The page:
I was not expecting this to hold up this well, but it's definitely showing some age. Everything is just less, from the pacing, to the action, to the plot twists. That's not necessarily a bad thing; on the contrary, I quite enjoyed a more grounded story and a Bond that's closer to being a detective than an invincible superhuman. But it does mean that not a huge amount happens. It's your basic thriller or crime novel: you find out clues and important details in tandem with the main character, so you're always getting nice little surprises, but there's nothing truly clever going on.
Still, most of the core of what makes Bond, well, Bond is here. He's bold, at least a little clever, very happy to exploit the smallest chink in his enemies' armour, and uses dry wit, confidence, and charm as his main weapons. He also gives a crap, although not enough to mourn the local CIA asset who gets burned alive unceremoniously 😬 On the other hand, whilst Connery's portrayal is known for being steeped in misogyny (of which there is some, but not as much as I feared), I do find it funny that the very first liaison in the film franchise is one where Bond is absolutely being used by a woman in complete control of him 😄
From a franchise perspective, we get a decent Bond girl in Honey, who at least shows that she's a capable survivor, even if some of her actions are a bit overly "damsel in distress", and the whole "I'm up to T in the encyclopedia" line was bizarre. M and Moneypenny are just already there, no back story necessary (for M this is fine, he's Bond's boss, but the whole flirtation with Moneypenny feels kinda fun that they don't bother explaining it), and I hadn't realised that Spectre would be introduced by name so quickly. I was also surprised that Felix (CIA) is a character, as I only knew him as someone in the Craig Bond franchise (where he is a much more interesting person). There are also fancy opening credits and, of course, the whole "Bond shoots down the barrel" at the start (where does this come from?), but no Q or clever gadgets, no car, no huge song at the start (just the one about coconuts repeated throughout the film as if it's the only piece of music still allowed 😂), and almost no big action, apart from the final explosion.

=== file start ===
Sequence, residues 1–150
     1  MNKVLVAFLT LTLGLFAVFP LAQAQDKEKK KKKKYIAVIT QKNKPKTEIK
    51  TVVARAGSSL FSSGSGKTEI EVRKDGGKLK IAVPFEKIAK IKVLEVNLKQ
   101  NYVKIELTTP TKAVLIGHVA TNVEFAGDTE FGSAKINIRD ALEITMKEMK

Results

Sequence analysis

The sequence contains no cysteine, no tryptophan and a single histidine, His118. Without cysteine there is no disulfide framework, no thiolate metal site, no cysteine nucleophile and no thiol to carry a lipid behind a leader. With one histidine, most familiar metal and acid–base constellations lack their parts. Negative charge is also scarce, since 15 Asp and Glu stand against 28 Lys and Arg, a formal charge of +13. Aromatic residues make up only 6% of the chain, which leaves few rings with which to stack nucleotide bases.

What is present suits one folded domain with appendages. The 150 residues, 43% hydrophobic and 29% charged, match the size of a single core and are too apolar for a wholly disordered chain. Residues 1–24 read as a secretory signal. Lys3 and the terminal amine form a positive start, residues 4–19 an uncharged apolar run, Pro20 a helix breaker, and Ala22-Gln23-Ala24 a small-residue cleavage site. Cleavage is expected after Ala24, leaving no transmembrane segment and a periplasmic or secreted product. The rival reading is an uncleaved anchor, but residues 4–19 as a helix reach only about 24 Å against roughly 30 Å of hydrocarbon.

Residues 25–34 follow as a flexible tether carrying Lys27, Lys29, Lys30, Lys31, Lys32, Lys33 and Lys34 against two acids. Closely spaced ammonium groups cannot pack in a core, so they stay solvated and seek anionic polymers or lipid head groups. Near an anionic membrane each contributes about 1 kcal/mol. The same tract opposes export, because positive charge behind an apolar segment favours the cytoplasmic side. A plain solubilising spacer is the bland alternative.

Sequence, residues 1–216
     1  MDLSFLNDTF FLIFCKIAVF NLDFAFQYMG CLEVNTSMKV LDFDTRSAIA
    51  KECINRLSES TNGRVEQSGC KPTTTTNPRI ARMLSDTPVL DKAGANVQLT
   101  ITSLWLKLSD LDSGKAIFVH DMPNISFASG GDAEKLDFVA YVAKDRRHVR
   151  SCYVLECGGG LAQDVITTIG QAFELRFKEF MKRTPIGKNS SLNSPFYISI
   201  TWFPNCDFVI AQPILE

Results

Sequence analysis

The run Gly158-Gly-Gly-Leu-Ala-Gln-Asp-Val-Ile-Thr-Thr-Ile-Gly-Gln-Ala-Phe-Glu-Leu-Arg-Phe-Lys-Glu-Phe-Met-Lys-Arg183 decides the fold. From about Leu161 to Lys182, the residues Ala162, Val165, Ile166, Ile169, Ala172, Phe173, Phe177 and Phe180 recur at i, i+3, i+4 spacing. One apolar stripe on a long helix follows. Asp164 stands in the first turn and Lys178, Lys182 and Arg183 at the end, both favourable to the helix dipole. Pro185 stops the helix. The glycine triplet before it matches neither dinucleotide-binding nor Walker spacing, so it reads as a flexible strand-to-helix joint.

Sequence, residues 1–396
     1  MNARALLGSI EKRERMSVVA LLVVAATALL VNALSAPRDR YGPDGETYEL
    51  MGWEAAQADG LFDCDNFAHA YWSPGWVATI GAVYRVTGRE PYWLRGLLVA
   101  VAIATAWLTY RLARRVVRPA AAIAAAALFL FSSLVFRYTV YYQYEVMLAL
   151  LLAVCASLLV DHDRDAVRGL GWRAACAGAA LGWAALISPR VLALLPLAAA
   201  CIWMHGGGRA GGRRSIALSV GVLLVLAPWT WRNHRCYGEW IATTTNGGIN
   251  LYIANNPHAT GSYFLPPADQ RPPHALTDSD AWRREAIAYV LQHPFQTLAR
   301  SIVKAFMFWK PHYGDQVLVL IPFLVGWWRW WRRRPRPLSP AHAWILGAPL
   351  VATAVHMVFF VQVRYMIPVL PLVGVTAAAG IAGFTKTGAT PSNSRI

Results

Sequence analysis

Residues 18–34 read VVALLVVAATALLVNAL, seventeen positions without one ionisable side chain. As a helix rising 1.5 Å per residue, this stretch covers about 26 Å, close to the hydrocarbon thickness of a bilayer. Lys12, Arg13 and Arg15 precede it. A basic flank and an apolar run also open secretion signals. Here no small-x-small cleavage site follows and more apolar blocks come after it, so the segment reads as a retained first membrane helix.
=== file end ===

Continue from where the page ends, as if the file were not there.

Indeed, whilst the villain is distinctly campy and classically "other", the actual villainous plot doesn't really seem that big. Yes, Dr. No does claim that his atomic radar will somehow allow him to take over the world, but it's not really clear how or why that is the case. I can chalk that up to the age of the film and the current geopolitical condition with fears about nuclear threats and new technologies being invented constantly, but it does seem quite quaint by modern standards. I was also surprised by how much Dr. No suffers the same issues as Remi Malek's most recent villain, in that he's barely given enough screen time to feel like a threat. Though here, at least, his actions and operatives (and disembodied voice) do lend a certain level of growing unease.
Overall, then Dr. No is a surprisingly decent first entry. It's not amazing, but I enjoyed it, the plot (largely) holds up, the characters have more depth and interest than I expected (even if this was a low bar), and I just had a lot of fun with a slightly slower-paced, more grounded Bond.